A review of the Social Value Act has found it has had a “positive impact” but barriers exist around awareness, take-up, understanding and measurement.
The review, carried out by Lord Young, recommends the Cabinet Office should promote social value across the public sector and business, support improved measurement and evaluation of social value, and issue a paper on what each central government department has achieved to date concerning it.
In a report Lord Young said the threshold for contracts to which the Social Value Act applies would remain at £111,676 for central government and £172,514 for other bodies, rather than rise to €750,000 (£557,685), which is the OJEU threshold for social services contracts under the incoming Public Contract Regulations 2015 (PCR 2015).
“Under the PCR 2015 many health, social care and education services will fall under a new ‘light touch’ regime with a threshold of €750,000. One of the effects of this would have been to raise the threshold of the Social Value Act for these services to €750,000, unintentionally taking many of these contracts out of scope of the act,” said the report.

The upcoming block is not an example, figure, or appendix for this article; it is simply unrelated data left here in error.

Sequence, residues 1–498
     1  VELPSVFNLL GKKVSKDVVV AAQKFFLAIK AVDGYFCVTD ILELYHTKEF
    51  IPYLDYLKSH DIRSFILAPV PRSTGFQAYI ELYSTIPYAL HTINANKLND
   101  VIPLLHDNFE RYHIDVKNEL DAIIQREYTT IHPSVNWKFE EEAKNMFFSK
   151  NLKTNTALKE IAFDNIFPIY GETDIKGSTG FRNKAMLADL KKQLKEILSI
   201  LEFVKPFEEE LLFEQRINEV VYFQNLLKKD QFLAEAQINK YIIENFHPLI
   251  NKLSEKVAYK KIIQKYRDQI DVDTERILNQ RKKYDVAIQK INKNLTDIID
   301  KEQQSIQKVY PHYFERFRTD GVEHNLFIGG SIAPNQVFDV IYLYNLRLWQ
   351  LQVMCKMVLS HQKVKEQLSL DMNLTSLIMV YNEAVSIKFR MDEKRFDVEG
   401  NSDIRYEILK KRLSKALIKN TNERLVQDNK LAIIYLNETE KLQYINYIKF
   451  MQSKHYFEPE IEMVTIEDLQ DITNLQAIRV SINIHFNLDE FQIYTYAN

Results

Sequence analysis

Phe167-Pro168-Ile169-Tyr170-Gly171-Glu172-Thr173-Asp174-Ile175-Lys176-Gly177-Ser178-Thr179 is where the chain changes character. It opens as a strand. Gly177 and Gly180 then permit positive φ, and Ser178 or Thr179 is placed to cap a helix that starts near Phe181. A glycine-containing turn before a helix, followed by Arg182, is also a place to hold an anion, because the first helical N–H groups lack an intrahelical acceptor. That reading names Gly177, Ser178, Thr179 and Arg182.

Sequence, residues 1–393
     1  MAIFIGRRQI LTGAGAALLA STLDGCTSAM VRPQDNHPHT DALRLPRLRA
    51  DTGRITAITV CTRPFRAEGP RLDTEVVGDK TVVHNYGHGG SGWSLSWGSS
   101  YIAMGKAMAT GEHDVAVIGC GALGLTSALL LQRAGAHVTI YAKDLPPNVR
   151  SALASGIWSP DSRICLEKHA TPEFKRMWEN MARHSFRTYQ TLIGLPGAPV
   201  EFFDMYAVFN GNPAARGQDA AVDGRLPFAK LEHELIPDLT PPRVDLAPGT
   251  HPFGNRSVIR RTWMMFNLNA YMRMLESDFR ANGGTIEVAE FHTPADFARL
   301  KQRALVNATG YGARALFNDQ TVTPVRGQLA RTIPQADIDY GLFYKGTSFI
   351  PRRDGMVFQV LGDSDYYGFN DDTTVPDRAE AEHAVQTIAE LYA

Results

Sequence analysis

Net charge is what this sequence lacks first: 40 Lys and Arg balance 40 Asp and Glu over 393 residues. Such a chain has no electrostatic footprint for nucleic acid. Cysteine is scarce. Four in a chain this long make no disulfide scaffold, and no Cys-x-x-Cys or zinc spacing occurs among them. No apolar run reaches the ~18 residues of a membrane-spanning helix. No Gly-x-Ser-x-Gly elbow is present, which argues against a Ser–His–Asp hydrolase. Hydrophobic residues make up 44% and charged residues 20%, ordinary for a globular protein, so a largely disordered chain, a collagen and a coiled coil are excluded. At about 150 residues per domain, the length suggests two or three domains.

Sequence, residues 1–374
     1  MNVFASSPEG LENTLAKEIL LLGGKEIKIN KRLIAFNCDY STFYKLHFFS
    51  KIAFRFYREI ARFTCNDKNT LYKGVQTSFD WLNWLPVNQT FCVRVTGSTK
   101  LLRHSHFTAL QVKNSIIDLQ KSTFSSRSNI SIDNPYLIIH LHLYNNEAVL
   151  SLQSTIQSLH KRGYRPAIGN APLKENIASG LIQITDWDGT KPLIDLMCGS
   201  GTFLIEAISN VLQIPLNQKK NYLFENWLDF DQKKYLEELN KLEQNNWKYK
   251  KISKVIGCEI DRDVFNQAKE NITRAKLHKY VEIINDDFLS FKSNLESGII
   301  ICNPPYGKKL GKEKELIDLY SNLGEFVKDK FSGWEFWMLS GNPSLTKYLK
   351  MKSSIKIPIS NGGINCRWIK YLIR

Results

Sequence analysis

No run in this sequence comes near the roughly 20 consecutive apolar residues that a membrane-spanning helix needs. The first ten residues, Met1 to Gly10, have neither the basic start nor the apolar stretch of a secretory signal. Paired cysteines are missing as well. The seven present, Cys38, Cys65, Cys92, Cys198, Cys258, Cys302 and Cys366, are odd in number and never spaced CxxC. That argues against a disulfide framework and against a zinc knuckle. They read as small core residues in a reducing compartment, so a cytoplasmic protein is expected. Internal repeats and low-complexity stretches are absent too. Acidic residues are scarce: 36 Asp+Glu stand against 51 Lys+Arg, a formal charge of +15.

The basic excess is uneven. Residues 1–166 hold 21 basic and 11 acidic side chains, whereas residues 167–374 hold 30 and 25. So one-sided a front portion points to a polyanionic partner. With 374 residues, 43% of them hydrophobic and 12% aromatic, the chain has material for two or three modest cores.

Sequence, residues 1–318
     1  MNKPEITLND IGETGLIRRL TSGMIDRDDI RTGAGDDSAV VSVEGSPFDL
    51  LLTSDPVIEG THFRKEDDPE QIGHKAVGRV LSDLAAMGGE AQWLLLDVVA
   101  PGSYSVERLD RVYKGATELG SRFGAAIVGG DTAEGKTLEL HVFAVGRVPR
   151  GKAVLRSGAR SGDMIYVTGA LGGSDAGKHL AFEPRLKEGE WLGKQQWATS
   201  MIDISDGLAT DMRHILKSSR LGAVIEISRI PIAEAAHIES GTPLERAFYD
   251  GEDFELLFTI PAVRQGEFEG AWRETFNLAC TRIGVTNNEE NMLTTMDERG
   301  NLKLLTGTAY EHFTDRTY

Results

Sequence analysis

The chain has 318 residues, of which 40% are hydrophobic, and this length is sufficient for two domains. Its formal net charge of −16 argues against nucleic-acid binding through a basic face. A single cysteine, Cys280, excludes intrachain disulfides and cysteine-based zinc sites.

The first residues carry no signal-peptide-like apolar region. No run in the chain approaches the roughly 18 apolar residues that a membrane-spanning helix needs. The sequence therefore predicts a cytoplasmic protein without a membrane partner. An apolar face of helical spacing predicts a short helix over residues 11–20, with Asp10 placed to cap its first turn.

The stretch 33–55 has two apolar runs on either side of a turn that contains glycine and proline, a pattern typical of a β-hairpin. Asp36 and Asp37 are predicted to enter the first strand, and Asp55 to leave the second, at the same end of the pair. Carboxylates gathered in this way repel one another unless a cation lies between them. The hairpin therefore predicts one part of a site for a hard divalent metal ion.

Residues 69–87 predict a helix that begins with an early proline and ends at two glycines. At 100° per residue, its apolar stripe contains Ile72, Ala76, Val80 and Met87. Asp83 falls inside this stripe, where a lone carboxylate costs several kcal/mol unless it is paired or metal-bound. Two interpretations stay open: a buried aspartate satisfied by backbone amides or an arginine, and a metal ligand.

Concerning the extension of the act to cover goods and works, rather than just services, Young said “despite its growing awareness among public bodies, the incorporation of social value in actual procurements appears to be relatively low when consider against the number and value of procurements across the whole public sector”.
“This has made it difficult for the review to make a comprehensive assessment or a definitive recommendation about the grounds to extend the act at this stage,” he said.
The report said: “It is important to highlight that commissioners are already permitted to consider social value as widely as they wish, and the review found several examples of commissioners finding great benefit in applying it to goods and works and below the OJEU threshold.”
The report also recommends a “social value steering group” is set up by NHS England and Public Health England to get “social value more embedded in strategic health commissioning”.
The Public Services (Social Value) Act 2012 came into force in January 2013.